Henry Lord (c.1816-1887)

Henry Lord was a painter and an early photographer with a studio on St. Peter's Street.


He was born around 1816 in Almondbury, the son of schoolmaster John Lord.

He married Mary Wilson, daughter of gardener James Wilson, on 11 December 1837 at Huddersfield Parish Church. They had five known children:

  • James W. Lord (c.1839-?)[1]
  • Henry B. Lord (c.1846-?)
  • Thomas C. Lord (c.1853-?)
  • Ralph Herbert Lord (c.1855-?)
  • John Edwin Calvert Lord (1860-?)[2]

The 1841 Census listed him as a painter residing at Bay Hall. At the time of the 1851 Census, Henry Lord was recorded as a painter employing 2 men and residing on Zetland Street, Huddersfield.

By 1861, he was a "photographic artists" residing at Edward's Yard off King Street. As such, he was one of only a handful of people recorded as a "photographer" in the Huddersfield area in 1861. By 1871, his son Ralph was helping as a "photo artists' assistant".

Around the 1860s, Henry also had a studio at Spring Gardens, Buxton, and it seems likely that he would have visited during the holiday season.[3] From a court case held at Buxton on 26 August 1861, it is known that he lodged with John Gibbons, an agricultural labourer of Spring Gardens. Gibbons had confronted Lord about "not keeping reasonable hours, and returning to [the] lodgings later than was agreeable" and an argument ensued. This led to Lord assaulting the labourer and "unceremoniously divesting him of his outer garment".[4]

On 6 December 1865, Thomas Lord was crossing King Street near to the Globe Inn when "a man on horseback, dressed as a butcher" galloped furiously up the road and the boy was unable to get out of the way in time. Despite the horse hitting Thomas, the rider failed to stop, and Thomas was left lying unconscious. A assistant surgeon was passing at the time and gave assistance, ascertaining that the boy's shoulder blade was broken and crushed.[5]

In August 1871, he was charged with "allowing his dog to be at large in King Street" and ordered to pay costs.[6] Soon afterwards, he appears to have moved to the Crystal Buildings on Green Street.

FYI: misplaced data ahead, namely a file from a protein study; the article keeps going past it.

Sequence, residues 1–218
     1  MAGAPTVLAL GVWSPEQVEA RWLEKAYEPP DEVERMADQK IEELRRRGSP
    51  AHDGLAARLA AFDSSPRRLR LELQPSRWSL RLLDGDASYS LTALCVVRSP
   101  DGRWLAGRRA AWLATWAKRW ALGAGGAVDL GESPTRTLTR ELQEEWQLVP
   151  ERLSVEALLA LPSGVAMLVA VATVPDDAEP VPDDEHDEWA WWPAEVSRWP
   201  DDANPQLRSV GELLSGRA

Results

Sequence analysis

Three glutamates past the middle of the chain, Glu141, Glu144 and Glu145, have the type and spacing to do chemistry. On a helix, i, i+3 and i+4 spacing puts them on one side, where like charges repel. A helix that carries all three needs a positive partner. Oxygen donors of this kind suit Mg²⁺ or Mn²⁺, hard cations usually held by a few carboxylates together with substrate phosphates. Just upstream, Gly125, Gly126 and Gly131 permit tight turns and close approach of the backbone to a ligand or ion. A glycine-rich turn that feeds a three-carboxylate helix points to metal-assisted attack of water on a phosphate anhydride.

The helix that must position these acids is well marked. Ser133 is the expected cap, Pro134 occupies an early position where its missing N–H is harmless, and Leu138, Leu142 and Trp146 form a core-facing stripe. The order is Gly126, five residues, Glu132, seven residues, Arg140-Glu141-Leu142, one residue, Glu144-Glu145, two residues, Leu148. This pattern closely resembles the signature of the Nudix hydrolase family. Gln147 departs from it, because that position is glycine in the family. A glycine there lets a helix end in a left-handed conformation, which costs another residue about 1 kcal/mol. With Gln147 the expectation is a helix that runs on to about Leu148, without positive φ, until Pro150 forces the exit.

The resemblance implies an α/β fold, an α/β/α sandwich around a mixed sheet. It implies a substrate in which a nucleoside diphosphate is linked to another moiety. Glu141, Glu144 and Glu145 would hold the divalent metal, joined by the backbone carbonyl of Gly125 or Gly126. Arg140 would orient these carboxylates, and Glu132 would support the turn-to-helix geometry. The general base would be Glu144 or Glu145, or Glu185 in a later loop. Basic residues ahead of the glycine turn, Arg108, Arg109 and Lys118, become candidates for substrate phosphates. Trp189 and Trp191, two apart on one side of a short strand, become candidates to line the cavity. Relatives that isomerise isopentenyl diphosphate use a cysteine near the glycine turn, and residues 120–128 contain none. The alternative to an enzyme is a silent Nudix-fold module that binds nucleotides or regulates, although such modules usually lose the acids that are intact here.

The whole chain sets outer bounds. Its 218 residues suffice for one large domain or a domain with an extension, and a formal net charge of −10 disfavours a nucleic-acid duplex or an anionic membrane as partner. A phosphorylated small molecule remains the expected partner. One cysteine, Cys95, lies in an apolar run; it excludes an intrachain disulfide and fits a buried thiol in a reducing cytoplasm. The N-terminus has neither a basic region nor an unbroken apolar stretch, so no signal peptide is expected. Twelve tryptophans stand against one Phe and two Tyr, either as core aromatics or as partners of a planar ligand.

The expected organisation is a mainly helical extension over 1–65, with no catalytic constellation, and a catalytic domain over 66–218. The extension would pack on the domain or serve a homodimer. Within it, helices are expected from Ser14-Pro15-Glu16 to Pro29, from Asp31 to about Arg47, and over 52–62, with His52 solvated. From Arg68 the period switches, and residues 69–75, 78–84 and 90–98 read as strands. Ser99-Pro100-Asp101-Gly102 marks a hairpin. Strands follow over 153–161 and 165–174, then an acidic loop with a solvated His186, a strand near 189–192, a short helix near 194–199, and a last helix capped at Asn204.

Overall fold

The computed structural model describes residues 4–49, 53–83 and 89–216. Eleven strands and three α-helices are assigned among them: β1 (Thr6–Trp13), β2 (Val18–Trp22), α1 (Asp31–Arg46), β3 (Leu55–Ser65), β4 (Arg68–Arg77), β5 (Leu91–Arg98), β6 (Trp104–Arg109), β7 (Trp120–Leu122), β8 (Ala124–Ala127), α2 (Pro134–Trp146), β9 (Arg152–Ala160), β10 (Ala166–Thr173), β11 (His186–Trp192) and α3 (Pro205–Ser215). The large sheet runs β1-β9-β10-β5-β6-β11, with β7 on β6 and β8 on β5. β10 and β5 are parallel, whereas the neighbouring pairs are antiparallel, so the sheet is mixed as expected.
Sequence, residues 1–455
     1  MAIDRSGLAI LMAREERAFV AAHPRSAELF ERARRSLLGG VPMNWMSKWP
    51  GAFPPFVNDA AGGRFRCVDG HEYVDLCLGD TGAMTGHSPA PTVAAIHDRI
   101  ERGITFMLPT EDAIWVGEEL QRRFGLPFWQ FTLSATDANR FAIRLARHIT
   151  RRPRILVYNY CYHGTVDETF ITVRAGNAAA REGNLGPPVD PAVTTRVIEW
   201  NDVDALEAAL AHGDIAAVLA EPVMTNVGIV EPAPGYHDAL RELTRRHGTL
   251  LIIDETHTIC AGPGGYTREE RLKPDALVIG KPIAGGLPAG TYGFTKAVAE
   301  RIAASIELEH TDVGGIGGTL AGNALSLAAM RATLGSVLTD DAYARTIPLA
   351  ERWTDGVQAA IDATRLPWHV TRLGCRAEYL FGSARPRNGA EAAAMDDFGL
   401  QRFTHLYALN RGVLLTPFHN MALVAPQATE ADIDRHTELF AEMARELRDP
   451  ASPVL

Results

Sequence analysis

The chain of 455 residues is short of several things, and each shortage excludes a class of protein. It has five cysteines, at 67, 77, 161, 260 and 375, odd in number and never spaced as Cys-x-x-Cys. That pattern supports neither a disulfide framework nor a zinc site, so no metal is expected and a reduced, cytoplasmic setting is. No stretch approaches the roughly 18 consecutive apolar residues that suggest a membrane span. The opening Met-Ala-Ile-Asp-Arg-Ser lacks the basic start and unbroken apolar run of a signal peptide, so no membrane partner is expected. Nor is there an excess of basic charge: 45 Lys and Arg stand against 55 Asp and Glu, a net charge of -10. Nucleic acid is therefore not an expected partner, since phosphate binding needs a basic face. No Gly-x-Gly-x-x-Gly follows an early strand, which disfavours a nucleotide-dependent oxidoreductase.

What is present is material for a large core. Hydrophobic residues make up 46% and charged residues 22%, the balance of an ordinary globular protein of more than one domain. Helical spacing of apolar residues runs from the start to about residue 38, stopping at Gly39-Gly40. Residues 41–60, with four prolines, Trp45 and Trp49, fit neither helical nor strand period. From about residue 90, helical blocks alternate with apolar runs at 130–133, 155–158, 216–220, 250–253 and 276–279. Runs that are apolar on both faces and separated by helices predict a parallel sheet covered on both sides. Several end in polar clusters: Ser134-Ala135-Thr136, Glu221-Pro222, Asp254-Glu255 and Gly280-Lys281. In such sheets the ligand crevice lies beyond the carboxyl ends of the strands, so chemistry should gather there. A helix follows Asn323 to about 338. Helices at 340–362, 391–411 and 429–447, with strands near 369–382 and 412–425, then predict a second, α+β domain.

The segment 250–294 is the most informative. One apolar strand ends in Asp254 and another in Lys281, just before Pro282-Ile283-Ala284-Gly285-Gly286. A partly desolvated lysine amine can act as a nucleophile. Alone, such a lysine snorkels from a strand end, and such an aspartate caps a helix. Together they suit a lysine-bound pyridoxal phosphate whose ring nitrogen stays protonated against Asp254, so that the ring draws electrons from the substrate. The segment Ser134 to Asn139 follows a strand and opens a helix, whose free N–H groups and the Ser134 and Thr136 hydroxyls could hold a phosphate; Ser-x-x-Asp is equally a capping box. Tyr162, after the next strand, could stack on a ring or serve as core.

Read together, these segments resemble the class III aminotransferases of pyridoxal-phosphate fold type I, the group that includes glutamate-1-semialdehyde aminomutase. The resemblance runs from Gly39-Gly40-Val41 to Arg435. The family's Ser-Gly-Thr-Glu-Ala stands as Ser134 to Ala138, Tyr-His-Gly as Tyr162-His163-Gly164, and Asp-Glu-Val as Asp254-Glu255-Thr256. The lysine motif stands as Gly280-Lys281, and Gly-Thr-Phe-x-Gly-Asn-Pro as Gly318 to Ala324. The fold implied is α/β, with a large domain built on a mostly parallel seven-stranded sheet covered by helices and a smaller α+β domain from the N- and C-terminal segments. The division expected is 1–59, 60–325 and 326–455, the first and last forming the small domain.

On Sunday 5 May 1872, Mary Lord was found dead on her bed. As she had apparently threatened those around her many times that she would poison herself, it was initially suspected she had committed suicide by taking potassium cyanide. However, at the subsequent inquest it was reported that the autopsy had shown evidence of heart disease and that Mary had "the liver of an old drinker", but there was no evidence of poisoning. The medical opinion was that she had died of a heart attack and jury recorded it was "induced by habitual drinking."[7]

In May 1874, together with fellow photographer Reginald Spurr, he was an official photographer at the formal opening of the new Somerset Bridge by Lady Guendolen Ramsden, daughter of the Duke of Somerset.[8]

By 1881 Henry had moved to Commercial Street. Also residing with him was his youngest son, joiner John, their housekeeper Maria Brook, and boarder Arthur Pridgeon, the Curate of St. Paul's Church. By then, Ralph had married and moved to Chesterton, Cambridgeshire, where he continued to work as a photographer.

Henry Lord died at Huddersfield Infirmary on 5 October 1887, aged 71.


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Notes and References

  1. Occupation given as "professor of music" in 1861 Census.
  2. Born 11 May 1860.
  3. Derbyshire Photographers' Profiles.
  4. Derby Mercury (04/Sep/1861) and "A Lordly Freak: Midnight Encounter"(!) in Buxton Advertiser (31/Aug/1861).
  5. "Serious Accident from Furious Riding" in Huddersfield Chronicle (09/Dec/1865).
  6. Huddersfield Chronicle (26/Aug/1871).
  7. "Sudden Death of a Female" in Huddersfield Chronicle (11/May/1872). "The Suspected Suicide by Poisoning at Huddersfield" in Illustrated Police News (11/May/1872).
  8. "The Opening of Somerset Bridge" in Huddersfield Chronicle (27/May/1874).